This is the true scale of China’s bitcoin exodus


It took just over three months for bitcoin miners to totally disappear from China. New data from researchers at the University of Cambridge reveal the swift impact of Beijing’s crackdown on cryptocurrency mining, first announced in May 2021, in what would turn out to be just the opening shot of an across-the-board offensive against cryptocurrency activities in China.

The figures, gathered by the Cambridge Centre for Alternative Finance (CCAF) found that by the end of August 2021, the percentage of bitcoin mining taking place in China had “effectively dropped to zero”. That is a staggering reversal for a country that, as late as September 2019, was believed to be home to 75.53 percent of global bitcoin mining operations.

Mining is a process essential to the functioning of bitcoin and other cryptocurrencies. Bitcoin’s technical backbone, a decentralised ledger called the blockchain, is maintained by a swarm of computers across the planet. These computers, or miners, vie with each other to guess a number that gives them the right to append new transactions to the ledger, and receive some bitcoins in return. Mining bitcoins requires powerful computers and a lot of electricity: CCAF estimates that as of today, global bitcoin mining uses as much energy annually as the whole of the Philippines, a country of 109 million people. China, partly because of its vast supply of cheap energy, had been playing a key role in the sphere since the early 2010s, a fact which had made cryptocurrency users and developers worry over China’s excessive dominance in the sector.

China’s share of global bitcoin mining, in fact, had already decreased to 46 percent by April 2021, months before the government measures were unveiled, according to CCAF’s previous analysis. But the speech by a high ranking official on May 21, signalling that repression was on its way, sent Chinese miners scrambling for the exit: worldwide bitcoin mining capacity, or “hashrate”, dropped by 38 per cent. Initial reports told of mining entrepreneurs loading thousands of ASIC mining machines on trucks and relocating almost overnight to neighbouring countries such as Kazakhstan or Russia. CCAF’s data show that in July and August, the global hashrate climbed back by 20 per cent, which might indicate that some of those miners successfully managed to restart operations in other countries.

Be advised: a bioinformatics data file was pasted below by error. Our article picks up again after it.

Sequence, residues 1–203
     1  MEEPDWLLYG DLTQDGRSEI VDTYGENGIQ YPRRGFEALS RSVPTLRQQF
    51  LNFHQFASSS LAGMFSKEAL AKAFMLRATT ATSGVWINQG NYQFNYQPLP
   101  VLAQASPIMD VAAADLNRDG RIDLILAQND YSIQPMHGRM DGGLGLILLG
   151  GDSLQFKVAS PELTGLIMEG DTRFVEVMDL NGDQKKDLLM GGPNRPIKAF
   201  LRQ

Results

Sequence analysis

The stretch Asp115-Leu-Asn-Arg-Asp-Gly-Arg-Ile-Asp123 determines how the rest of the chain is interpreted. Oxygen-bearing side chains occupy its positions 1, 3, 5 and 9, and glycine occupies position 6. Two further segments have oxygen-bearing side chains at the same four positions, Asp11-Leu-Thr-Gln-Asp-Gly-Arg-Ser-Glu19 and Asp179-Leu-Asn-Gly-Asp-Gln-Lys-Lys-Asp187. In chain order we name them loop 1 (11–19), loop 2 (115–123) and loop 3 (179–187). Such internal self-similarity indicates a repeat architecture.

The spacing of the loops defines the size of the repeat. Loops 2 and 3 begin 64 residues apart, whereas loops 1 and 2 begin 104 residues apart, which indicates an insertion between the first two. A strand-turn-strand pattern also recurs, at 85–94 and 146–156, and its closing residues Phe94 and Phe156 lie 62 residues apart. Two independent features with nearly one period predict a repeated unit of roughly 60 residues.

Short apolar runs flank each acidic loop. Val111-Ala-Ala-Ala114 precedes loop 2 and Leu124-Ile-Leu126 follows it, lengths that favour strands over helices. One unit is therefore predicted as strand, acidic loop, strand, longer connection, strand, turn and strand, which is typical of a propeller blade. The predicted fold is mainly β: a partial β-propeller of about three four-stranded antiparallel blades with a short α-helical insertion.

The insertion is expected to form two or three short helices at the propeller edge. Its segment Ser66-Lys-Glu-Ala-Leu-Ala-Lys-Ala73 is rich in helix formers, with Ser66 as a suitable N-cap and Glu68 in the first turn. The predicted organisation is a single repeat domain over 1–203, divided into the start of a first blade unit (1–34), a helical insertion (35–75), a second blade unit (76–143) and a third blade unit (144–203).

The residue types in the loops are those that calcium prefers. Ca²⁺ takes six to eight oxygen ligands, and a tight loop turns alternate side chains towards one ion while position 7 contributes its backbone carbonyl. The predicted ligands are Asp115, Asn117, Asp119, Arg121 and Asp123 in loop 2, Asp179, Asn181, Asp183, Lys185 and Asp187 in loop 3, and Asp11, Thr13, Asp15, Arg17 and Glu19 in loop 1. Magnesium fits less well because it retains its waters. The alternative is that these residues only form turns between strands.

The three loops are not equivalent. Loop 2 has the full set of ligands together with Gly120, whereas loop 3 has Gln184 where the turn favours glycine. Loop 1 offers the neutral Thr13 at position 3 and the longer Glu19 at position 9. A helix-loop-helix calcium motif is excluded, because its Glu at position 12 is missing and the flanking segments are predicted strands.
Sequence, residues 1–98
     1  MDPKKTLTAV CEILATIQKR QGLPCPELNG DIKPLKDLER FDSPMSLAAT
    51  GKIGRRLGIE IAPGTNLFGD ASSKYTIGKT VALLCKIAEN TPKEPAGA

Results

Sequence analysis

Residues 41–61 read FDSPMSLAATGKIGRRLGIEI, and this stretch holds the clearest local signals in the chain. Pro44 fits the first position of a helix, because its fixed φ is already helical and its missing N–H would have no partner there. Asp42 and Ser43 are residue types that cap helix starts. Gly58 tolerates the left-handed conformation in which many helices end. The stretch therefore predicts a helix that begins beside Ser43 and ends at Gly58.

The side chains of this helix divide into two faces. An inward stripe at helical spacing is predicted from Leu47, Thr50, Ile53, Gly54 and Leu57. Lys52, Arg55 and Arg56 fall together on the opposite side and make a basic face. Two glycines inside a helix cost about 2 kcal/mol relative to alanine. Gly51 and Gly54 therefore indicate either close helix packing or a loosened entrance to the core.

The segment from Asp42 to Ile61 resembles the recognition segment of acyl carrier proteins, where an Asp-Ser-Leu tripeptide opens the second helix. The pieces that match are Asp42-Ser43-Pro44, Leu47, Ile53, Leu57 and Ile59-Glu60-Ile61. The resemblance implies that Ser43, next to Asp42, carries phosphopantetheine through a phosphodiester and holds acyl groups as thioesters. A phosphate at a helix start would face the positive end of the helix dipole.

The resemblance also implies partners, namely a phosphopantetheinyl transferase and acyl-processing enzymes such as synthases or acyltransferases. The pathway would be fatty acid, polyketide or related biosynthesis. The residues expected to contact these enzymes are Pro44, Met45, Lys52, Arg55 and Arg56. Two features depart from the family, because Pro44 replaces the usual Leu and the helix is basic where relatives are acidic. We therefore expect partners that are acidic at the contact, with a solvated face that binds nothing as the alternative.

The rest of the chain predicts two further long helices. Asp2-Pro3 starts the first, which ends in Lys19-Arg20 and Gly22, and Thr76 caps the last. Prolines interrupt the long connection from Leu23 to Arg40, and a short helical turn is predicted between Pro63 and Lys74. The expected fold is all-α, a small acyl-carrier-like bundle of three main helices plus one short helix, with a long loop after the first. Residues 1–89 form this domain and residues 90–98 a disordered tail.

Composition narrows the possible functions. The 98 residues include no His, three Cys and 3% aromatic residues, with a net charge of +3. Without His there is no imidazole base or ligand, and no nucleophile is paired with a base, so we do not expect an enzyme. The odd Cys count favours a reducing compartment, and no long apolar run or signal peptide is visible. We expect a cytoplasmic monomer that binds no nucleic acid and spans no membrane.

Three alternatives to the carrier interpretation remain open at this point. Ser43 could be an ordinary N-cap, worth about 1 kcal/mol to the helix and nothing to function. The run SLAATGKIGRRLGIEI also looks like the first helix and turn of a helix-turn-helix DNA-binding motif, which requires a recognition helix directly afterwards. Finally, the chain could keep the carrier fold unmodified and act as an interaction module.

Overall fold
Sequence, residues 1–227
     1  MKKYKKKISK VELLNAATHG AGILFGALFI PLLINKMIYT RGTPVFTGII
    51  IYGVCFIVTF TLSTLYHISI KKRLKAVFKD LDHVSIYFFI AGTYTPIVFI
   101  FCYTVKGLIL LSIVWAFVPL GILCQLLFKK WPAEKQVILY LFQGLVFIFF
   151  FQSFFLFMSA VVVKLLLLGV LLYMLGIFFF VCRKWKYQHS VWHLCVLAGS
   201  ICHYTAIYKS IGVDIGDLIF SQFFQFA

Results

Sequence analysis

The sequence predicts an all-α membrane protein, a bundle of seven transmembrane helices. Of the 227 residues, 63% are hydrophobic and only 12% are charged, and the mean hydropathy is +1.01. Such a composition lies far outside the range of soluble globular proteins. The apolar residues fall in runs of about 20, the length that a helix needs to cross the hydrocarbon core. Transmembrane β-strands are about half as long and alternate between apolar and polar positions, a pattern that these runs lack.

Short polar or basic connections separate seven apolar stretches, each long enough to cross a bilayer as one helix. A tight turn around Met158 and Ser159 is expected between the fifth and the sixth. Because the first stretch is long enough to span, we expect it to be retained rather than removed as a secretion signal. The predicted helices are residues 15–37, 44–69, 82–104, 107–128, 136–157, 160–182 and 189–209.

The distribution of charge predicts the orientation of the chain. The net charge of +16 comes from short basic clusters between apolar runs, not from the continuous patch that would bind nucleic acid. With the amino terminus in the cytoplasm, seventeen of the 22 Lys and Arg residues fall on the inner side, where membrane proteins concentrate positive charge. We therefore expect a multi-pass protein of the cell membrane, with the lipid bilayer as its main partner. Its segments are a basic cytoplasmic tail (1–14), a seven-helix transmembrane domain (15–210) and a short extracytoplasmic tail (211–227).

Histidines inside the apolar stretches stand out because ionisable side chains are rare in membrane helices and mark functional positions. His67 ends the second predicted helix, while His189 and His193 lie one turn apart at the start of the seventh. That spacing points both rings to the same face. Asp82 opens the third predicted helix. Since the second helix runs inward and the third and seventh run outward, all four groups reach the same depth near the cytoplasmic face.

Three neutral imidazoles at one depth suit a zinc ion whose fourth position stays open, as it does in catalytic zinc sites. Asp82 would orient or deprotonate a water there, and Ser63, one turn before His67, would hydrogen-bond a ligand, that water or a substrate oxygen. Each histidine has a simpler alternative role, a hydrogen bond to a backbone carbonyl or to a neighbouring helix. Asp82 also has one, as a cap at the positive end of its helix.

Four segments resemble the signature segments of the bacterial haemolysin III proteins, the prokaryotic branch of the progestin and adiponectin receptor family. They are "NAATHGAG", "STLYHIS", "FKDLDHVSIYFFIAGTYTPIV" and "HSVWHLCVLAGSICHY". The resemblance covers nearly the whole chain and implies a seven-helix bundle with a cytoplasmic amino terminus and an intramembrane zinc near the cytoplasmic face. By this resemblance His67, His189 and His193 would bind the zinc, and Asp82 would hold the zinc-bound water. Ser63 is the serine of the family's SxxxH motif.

Among the winners of the redeployment are the United States, whose share of global mining shot from 16.8 per cent in April 2021 to 35.4 per cent in August; Kazakhstan, which now accounts for 18.1 compared to 8.2 per cent pre-crackdown; and Russia, whose hashrate share rose from 6.8 to 11 per cent.

CCAF suggests that global hashrate might soon fully recover whatever was lost after Beijing’s clampdown. An analysis published this week by cryptocurrency mining outfit Luxor Technologies says that, following a staggering halving in the wake of the ban, global bitcoin mining scored a 103 per cent recovery by the end of the third quarter of 2021, a rally driven mostly by North American miners.

It’s hard to fathom at this stage what impact this momentous geographical shift will have on cryptocurrency mining’s environmental footprint, which has come under increased scrutiny as bitcoin inched towards mainstream status. There are hopes that, if mining relocates to more regulated and environmentally conscious countries, miners will make bitcoin greener by turning more extensively to renewable sources. (As of 2020, according to a CCAF study, only 39 per cent of the electricity powering bitcoin mining came from renewable sources.) While there are reasons for some optimism when it comes to miners based in North America, miners that are now based in oil- and gas-rich countries such as Russia and Kazakhstan are unlikely to spearhead that transition anytime soon.



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